Davison adds: “I felt nervous going into the qualifiers in London as my first event, but I was more confident about things going into Paris because my training and sparring had gone really well and I’d had that bit more time to prepare.

“I knew what I was capable of if I performed well, and having seven years out has given me the desire to succeed and want to do well. I was fresh and I had that bug for it again ,and I was just excited to get into it more than anything.

“To get through and qualify was a fantastic feeling… to know that the sacrifices you have made to get to that point have been worth it.”

Although overseas spectators are banned from Tokyo 2020 because of rising Covid-19 infection levels in Japan, Davison is expecting to have her own support team back home.

Time away from her three children, sons Arnell, 9, and Amir, 5, and daughter Amani, 7, has been an inevitable by-product of training hard for the world’s biggest sporting spectacle, but they will be given special dispensation to stay up into the wee small hours to watch bid mummy for Olympic glory… if they can stay awake that is!

“It’s always been a balancing act between training and being a mum, but the children understand that I have a job to do and why I am doing it,” says Davison.

“I have usually be training with the GB squad from Monday to Thursday and then been able to spend lots of time with them at weekends, plus when I am away we read books and talk on video calls and speak on the phone.

“It will be quite a few hours in front in Japan, so it will be overnight at home, which means the youngest ones might struggle to watch me in the prelims.

“But if I get to the later rounds and medal stages then it might be easier for them to watch and cheer me on, which will be great.”

Another family member who will be beaming with pride is dad Mark Taylor, who took it upon himself to train his daughter in the boxing basics from the age of eight.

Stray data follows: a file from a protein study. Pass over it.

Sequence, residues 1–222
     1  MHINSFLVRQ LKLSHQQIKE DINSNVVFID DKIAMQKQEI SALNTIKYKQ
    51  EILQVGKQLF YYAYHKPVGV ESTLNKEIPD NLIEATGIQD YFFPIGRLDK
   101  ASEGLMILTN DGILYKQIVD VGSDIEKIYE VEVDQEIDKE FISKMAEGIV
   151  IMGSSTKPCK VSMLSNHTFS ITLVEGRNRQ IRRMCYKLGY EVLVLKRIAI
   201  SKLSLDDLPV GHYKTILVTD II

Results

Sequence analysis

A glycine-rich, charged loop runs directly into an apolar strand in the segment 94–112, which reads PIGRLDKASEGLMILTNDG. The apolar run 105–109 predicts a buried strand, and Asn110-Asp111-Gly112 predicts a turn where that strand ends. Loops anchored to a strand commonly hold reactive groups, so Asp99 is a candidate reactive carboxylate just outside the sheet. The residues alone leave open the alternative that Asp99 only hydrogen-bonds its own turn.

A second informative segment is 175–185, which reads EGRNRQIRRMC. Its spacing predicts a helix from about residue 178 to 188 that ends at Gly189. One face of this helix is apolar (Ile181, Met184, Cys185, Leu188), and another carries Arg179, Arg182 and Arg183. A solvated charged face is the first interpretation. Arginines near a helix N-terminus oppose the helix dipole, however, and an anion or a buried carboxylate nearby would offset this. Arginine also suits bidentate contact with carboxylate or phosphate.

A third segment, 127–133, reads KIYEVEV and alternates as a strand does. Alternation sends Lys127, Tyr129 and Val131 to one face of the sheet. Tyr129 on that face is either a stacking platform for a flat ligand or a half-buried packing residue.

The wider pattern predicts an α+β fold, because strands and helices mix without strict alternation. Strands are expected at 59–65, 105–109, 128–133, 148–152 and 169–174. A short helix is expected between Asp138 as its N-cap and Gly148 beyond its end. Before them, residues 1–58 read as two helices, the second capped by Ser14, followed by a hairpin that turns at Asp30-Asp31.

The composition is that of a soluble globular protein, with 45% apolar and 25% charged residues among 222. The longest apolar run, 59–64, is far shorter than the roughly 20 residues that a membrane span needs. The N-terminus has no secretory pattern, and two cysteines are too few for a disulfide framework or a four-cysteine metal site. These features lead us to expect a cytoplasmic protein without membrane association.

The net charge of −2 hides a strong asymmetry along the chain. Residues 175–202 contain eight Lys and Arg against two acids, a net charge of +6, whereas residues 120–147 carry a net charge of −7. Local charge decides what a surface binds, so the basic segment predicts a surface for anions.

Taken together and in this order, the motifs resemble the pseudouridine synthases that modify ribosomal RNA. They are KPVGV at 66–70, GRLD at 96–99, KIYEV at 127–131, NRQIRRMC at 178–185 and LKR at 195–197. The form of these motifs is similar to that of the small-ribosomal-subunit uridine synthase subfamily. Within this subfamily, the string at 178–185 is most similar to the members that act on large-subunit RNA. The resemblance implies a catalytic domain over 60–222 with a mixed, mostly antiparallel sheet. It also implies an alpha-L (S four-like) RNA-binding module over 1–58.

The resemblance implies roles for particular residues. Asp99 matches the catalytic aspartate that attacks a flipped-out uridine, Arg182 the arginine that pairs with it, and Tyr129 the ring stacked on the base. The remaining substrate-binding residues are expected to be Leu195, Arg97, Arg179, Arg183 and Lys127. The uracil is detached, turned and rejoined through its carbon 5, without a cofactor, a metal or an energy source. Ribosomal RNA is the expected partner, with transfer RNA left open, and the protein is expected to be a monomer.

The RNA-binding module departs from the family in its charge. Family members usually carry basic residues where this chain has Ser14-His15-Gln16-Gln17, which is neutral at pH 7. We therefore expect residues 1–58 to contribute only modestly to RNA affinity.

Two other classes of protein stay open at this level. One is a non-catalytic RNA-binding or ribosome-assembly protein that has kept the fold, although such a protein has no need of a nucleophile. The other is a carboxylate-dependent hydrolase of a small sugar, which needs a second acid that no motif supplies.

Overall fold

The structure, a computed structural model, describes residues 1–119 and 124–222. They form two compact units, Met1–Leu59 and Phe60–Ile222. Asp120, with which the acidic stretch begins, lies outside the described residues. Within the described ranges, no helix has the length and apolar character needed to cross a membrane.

Initially told it was boys-only at her local gym, he took it upon himself to teach a young Davison the sweet science until she was, eventually, able to join a club.

She said: “I’m very thankful to my dad and my coaches because between them have helped me get where I am in the sport now, getting the support from the GB Boxing team.

“My dad never boxed, but we used to watch the pro fights on TV when I was younger and he was really into it.

“We used to do hours on getting the footwork right and other technical bits, which really helped with me being a southpaw.

“John and Frank carried it on and helped me through to England level and have always been there to support me.

“I don’t remember who my first bout was against and where, but I stopped the girl I was against and I remember just how proud they were, John, Frank and my dad, just as they are now.

“That winning feeling you get is like an addiction and you just want more and more of it, which motivates you on the days when you don’t feel like it.”

When Davison first made her England debut, it was the likes of Nicola Adams, Natasha Jonas, Savannah Marshall and Sandy Ryan who were on the GB programme to inspire her.

Now she hopes to be able to do the same when she appears on the world stage for the first time.

“As I started to get into boxing, there were not many other girls doing it and I struggled to find opponents, but as the years have gone by and I’ve advanced through England and GB, it’s been fantastic to see that change for the better,” said Davison.

“I was able to look at the women on the programme at that time and aspire to be like them, and hopefully people can look at what I have done and aspire to become an Olympian too.”